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Balance (usually symmetry) so that you don't get an unfair advantage by a random spawn point

Allied to this is having a big enough map with enough different start points so that there is an element of FUD at the beginning of the game: 'Where is he?', and the chance to use different strategies such as redeploying bases. It is fine to have a couple of football pitch type maps to learn the game but the whole fog of war/element of surprise is key to RTS games; it rewards reconnaissance and builds suspense.

Defensible positions. Narrow passes, bridges that you can take and hold

Some goal in the no man's land that encourages you to come out of your base to seize the initiative such as taking the high ground, capturing buildings, controlling resources, gaining technology.


Here is an interview with a professional RTS level designer, excerpted from the book Game Level Design By Edward Byrne:

http://books.google.co.uk/books?id=iX3oWHNf9hMC&lpg=PP1&pg=PA166#v=onepage&q&f=falsehttp://books.google.com/books?id=iX3oWHNf9hMC&lpg=PP1&pg=PA166#v=onepage&q&f=false

Balance (usually symmetry) so that you don't get an unfair advantage by a random spawn point

Allied to this is having a big enough map with enough different start points so that there is an element of FUD at the beginning of the game: 'Where is he?', and the chance to use different strategies such as redeploying bases. It is fine to have a couple of football pitch type maps to learn the game but the whole fog of war/element of surprise is key to RTS games; it rewards reconnaissance and builds suspense.

Defensible positions. Narrow passes, bridges that you can take and hold

Some goal in the no man's land that encourages you to come out of your base to seize the initiative such as taking the high ground, capturing buildings, controlling resources, gaining technology.


Here is an interview with a professional RTS level designer, excerpted from the book Game Level Design By Edward Byrne:

http://books.google.co.uk/books?id=iX3oWHNf9hMC&lpg=PP1&pg=PA166#v=onepage&q&f=false

Balance (usually symmetry) so that you don't get an unfair advantage by a random spawn point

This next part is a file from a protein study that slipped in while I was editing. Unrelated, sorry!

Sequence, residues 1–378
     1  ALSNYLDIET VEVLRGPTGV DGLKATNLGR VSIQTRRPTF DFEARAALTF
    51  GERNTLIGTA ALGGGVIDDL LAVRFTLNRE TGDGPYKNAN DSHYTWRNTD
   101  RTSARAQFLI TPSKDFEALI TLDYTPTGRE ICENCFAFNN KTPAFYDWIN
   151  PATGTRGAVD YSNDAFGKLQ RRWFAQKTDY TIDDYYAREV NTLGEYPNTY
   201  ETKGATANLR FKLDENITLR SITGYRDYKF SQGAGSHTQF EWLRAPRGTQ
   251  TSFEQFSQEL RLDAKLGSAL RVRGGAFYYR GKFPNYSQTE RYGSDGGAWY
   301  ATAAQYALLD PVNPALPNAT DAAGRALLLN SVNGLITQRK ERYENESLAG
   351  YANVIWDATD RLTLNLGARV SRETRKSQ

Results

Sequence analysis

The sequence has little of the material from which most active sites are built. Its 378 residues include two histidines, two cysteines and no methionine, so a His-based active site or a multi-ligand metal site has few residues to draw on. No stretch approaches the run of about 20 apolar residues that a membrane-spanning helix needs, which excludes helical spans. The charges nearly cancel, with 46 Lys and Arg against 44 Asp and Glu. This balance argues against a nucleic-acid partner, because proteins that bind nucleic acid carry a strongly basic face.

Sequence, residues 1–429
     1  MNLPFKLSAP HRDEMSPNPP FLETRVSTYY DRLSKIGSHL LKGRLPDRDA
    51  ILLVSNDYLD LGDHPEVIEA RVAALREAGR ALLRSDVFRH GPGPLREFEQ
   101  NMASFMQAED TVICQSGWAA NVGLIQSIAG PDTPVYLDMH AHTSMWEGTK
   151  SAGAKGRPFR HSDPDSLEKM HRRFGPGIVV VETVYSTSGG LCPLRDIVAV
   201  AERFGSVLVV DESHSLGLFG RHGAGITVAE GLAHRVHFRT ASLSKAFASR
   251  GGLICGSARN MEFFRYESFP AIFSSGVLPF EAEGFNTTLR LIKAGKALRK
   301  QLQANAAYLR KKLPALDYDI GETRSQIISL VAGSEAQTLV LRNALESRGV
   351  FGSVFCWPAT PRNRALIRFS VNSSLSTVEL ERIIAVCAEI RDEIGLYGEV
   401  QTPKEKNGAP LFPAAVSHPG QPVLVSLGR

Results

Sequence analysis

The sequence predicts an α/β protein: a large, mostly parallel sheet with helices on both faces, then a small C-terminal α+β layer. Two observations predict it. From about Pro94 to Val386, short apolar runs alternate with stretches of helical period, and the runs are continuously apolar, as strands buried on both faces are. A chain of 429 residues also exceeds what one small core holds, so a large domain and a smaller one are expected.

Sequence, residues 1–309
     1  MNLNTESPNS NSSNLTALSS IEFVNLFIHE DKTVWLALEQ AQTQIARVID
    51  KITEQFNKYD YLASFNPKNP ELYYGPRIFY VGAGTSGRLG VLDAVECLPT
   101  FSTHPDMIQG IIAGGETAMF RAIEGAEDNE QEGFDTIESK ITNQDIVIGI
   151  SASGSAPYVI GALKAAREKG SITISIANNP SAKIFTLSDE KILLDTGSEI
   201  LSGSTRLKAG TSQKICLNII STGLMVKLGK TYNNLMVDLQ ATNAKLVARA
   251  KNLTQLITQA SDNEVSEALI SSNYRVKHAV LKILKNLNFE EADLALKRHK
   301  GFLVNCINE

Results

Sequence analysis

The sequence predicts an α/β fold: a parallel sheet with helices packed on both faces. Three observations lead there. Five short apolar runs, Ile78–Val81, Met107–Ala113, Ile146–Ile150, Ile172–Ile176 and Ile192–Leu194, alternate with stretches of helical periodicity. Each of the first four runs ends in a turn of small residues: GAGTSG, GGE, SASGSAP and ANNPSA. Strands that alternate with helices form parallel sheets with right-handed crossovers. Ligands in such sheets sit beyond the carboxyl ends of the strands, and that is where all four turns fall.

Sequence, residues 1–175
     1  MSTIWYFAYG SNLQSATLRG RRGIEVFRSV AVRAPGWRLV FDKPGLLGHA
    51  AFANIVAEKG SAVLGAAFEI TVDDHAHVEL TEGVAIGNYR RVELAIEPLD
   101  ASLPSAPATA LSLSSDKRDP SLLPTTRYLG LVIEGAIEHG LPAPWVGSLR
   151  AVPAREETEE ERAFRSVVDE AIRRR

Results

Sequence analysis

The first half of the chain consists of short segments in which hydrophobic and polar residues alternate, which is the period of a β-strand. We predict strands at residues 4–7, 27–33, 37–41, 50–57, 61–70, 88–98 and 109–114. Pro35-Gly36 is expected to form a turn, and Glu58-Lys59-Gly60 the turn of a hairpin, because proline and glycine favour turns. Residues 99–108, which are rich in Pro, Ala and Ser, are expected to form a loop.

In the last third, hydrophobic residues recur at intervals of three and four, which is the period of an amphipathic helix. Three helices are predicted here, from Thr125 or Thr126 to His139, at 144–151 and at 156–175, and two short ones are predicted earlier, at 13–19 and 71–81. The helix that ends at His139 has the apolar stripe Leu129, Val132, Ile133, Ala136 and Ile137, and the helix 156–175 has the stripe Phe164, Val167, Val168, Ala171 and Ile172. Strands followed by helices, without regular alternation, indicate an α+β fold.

Allied to this is having a big enough map with enough different start points so that there is an element of FUD at the beginning of the game: 'Where is he?', and the chance to use different strategies such as redeploying bases. It is fine to have a couple of football pitch type maps to learn the game but the whole fog of war/element of surprise is key to RTS games; it rewards reconnaissance and builds suspense.

Defensible positions. Narrow passes, bridges that you can take and hold

Some goal in the no man's land that encourages you to come out of your base to seize the initiative such as taking the high ground, capturing buildings, controlling resources, gaining technology.


Here is an interview with a professional RTS level designer, excerpted from the book Game Level Design By Edward Byrne:

http://books.google.com/books?id=iX3oWHNf9hMC&lpg=PP1&pg=PA166#v=onepage&q&f=false

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Balance (usually symmetry) so that you don't get an unfair advantage by a random spawn point

Allied to this is having a big enough map with enough different start points so that there is an element of FUD at the beginning of the game: 'Where is he?', and the chance to use different strategies such as redeploying bases. It is fine to have a couple of football pitch type maps to learn the game but the whole fog of war/element of surprise is key to RTS games; it rewards reconnaissance and builds suspense.

Defensible positions. Narrow passes, bridges that you can take and hold

Some goal in the no man's land that encourages you to come out of your base to seize the initiative such as taking the high ground, capturing buildings, controlling resources, gaining technology.


Here is an interview with a professional RTS level designer, excerpted from the book Game Level Design By Edward Byrne:

http://books.google.co.uk/books?id=iX3oWHNf9hMC&lpg=PP1&pg=PA166#v=onepage&q&f=false